A Place for Pop

I’ve been dissatisfied with notes on my iPhone lately.

As an iPhone user, I feel obligated to have a brilliant note-taking system that syncs with my iPad and Mac. I used Simplenote for a long time before switching to Notesy. Simplenote requires a yearly subscription for full functionality, while Notesy does not. I also like Notesy’s Markdown support and customizability. Still, something wasn’t quite right.

Most recently, I had Drafts on my home screen for a couple of weeks. It’s a robust app with plenty of features for exporting and manipulating text. I’ve transferred a few of my notes from Notesy to Drafts, but I never seem to find myself wanting to open the app. Maybe I just don’t want to tap on its less-than-pretty icon.

Despite their intended usage, note-taking apps are often quite complex. They have folders, and search, and fonts, and sync, and a host of other wonderful features.

But these features can also feel burdensome. You have to wait for the app to open. You have to wait for your notes to sync (and risk encountering a gut-wrenching sync conflict). You have to navigate back and forth between notes. There’s friction. Not a lot, but it’s there.

Which brings me to Pop.

I mentioned Pop in my Ubiquitous Capture Roundup. Pop’s main feature is its lack of features. Open, read/write, close. Copy and paste if you so desire.

I shouldn’t like Pop. Like Shadoe Huard, I didn’t intend to use it. It doesn’t let me write in Markdown. Though universal, it doesn’t sync with its iPad version. It doesn’t have Dropbox support. I can’t hook it up with Notational Velocity. It doesn’t even let me create notes! It’s just a white space with a cursor. An iOS enigma.

But for some reason, it feels really good.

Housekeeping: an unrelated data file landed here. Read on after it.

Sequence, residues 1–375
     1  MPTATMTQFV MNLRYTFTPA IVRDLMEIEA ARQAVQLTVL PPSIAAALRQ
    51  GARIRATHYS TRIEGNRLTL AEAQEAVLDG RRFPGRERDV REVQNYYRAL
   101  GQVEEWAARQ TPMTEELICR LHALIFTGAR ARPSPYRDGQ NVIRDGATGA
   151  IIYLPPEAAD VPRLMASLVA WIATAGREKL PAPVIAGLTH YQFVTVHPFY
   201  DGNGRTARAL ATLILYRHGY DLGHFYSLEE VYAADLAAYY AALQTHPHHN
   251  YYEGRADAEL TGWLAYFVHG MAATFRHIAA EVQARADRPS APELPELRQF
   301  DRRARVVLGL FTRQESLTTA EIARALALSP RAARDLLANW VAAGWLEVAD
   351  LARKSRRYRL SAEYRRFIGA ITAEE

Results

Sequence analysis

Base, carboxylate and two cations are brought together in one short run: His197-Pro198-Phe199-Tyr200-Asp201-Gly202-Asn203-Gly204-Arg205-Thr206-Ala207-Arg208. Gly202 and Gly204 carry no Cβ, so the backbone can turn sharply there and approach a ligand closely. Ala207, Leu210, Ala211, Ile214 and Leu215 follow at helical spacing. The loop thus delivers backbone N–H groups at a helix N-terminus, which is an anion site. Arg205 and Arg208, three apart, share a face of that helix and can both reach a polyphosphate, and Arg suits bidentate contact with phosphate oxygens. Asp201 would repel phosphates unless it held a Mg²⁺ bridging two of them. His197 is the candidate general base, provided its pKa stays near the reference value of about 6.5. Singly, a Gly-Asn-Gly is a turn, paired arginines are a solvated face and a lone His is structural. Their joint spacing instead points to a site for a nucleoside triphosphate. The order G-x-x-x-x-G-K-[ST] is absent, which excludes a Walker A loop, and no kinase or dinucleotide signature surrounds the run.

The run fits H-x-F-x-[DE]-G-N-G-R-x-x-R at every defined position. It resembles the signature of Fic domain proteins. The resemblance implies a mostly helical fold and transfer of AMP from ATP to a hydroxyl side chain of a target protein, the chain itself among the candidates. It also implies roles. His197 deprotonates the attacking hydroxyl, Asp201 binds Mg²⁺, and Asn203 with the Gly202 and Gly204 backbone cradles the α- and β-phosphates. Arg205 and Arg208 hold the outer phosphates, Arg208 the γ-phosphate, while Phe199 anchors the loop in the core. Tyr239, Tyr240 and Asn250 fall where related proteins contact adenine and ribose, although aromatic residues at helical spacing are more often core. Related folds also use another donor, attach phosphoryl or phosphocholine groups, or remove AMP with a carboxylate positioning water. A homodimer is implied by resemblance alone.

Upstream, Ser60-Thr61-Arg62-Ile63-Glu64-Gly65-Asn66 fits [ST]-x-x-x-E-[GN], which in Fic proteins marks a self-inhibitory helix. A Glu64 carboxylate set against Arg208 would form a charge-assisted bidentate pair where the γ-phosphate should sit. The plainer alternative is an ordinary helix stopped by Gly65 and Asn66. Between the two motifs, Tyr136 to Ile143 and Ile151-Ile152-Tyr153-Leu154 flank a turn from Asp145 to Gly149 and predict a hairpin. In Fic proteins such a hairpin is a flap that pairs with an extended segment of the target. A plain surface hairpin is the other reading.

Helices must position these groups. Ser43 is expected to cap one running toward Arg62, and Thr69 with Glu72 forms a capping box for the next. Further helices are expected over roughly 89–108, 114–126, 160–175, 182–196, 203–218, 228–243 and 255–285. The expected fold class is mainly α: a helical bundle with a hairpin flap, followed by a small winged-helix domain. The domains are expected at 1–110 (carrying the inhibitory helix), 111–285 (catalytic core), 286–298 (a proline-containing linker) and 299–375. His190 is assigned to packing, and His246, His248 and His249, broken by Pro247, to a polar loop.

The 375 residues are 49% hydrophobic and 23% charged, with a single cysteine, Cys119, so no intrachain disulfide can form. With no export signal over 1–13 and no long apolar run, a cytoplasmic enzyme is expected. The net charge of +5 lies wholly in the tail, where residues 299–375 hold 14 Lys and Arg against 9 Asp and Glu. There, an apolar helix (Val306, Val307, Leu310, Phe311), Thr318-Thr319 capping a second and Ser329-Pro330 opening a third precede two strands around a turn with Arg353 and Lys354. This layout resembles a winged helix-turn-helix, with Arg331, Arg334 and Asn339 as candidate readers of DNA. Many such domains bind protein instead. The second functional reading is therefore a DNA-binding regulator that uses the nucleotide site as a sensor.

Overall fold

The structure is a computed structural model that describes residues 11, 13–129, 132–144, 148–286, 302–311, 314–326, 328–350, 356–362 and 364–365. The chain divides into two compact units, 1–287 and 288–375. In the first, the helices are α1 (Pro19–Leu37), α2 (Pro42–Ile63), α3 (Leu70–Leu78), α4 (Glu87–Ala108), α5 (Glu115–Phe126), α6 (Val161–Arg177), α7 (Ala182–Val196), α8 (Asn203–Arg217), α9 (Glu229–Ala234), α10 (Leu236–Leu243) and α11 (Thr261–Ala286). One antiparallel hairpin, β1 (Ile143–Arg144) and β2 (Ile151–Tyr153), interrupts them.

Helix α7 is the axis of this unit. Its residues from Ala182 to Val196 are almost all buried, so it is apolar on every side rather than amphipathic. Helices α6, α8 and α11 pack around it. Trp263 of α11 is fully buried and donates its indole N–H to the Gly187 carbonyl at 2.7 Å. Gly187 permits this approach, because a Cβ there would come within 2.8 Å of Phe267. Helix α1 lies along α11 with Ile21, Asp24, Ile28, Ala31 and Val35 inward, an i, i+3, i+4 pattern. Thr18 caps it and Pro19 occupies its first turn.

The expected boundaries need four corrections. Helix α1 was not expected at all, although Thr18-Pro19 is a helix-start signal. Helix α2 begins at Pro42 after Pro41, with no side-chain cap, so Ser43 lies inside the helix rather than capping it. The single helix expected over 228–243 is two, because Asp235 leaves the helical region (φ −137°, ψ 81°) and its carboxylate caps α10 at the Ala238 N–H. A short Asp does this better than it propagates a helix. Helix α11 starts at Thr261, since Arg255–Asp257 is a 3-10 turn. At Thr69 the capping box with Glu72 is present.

I downloaded Pop mostly out of support for Patrick Rhone’s new company, Minimal Tools, and to see the app’s featurelessness for myself. (It’s true; there aren’t any.) I put it on my second page of apps.

Then, by chance, I had a reason to use it. My mom told me what she wanted for Mother’s Day. I opened Pop, jotted it down, and closed the app in seconds. No watching the app load. No waiting to sync. No searching for my “Gift Ideas” note.

Pop is making me think that — just maybe — this is all I need. As I browse through my handful of notes in Notesy, I see that none of them have been updated in at least a month, nor can I remember consulting any of them. Maybe a digital scrap of paper is all I need.

Now, there are some notes that I do update monthly, and Pop doesn’t really meet this need. But I believe that’s by design.

As Patrick says, “Pop is step one.” In the case of my mom’s Mother’s Day present, I wrote it in Pop and will delete it after I buy it. If I come up with a brilliant idea, I can capture it quickly, and then Pop will force me to process it later on, at the very least out of my compulsion to keep the app clean and beautiful.

I’m not sure how my relationship with Pop will progress, but for now, it’s taken up residence on my home screen. And it feels good. My iPhone’s home screen is populated with apps that fulfill my foremost needs: to communicate, to read, to listen, to write. I’m going to let Pop try its hand at the writing chair, or perhaps the “capture” chair would be more appropriate.

Pop feels like an oasis for ideas. Once captured, my thoughts reside in Pop, patient and pristine, until I decide what to do with them. What more do I need?

You can get Pop for $0.99 on the App Store.

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